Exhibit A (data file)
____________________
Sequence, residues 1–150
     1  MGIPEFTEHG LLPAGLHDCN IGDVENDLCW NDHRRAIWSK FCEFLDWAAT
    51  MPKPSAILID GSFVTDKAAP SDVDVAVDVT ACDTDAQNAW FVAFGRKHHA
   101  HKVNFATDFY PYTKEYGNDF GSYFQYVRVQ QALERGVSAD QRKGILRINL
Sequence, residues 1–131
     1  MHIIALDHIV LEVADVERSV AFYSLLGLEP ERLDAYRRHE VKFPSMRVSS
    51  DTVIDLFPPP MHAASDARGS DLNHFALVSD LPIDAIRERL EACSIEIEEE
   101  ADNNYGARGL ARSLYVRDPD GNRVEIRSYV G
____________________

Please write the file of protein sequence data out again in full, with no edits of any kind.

Sequence, residues 1–150
     1  MGIPEFTEHG LLPAGLHDCN IGDVENDLCW NDHRRAIWSK FCEFLDWAAT
    51  MPKPSAILID GSFVTDKAAP SDVDVAVDVT ACDTDAQNAW FVAFGRKHHA
   101  HKVNFATDFY PYTKEYGNDF GSYFQYVRVQ QALERGVSAD QRKGILRINL
Sequence, residues 1–131
     1  MHIIALDHIV LEVADVERSV AFYSLLGLEP ERLDAYRRHE VKFPSMRVSS
    51  DTVIDLFPPP MHAASDARGS DLNHFALVSD LPIDAIRERL EACSIEIEEE
   101  ADNNYGARGL ARSLYVRDPD GNRVEIRSYV G